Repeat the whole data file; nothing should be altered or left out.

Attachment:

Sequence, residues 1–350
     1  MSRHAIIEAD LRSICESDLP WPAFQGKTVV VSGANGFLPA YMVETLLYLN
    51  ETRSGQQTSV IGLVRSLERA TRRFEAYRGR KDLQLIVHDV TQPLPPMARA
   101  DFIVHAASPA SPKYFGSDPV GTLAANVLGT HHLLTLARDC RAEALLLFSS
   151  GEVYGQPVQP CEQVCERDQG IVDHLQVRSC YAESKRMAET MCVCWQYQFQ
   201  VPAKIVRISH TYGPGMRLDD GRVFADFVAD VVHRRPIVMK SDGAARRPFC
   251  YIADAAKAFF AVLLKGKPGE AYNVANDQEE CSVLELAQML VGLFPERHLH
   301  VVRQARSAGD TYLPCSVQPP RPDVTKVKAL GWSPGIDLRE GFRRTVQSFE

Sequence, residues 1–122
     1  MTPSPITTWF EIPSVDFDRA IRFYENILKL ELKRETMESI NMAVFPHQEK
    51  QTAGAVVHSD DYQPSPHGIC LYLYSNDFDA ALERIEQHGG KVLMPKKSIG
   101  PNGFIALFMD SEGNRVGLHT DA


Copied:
Sequence, residues 1–350
     1  MSRHAIIEAD LRSICESDLP WPAFQGKTVV VSGANGFLPA YMVETLLYLN
    51  ETRSGQQTSV IGLVRSLERA TRRFEAYRGR KDLQLIVHDV TQPLPPMARA
   101  DFIVHAASPA SPKYFGSDPV GTLAANVLGT HHLLTLARDC RAEALLLFSS
   151  GEVYGQPVQP CEQVCERDQG IVDHLQVRSC YAESKRMAET MCVCWQYQFQ
   201  VPAKIVRISH TYGPGMRLDD GRVFADFVAD VVHRRPIVMK SDGAARRPFC
   251  YIADAAKAFF AVLLKGKPGE AYNVANDQEE CSVLELAQML VGLFPERHLH
   301  VVRQARSAGD TYLPCSVQPP RPDVTKVKAL GWSPGIDLRE GFRRTVQSFE

Sequence, residues 1–122
     1  MTPSPITTWF EIPSVDFDRA IRFYENILKL ELKRETMESI NMAVFPHQEK
    51  QTAGAVVHSD DYQPSPHGIC LYLYSNDFDA ALERIEQHGG KVLMPKKSIG
   101  PNGFIALFMD SEGNRVGLHT DA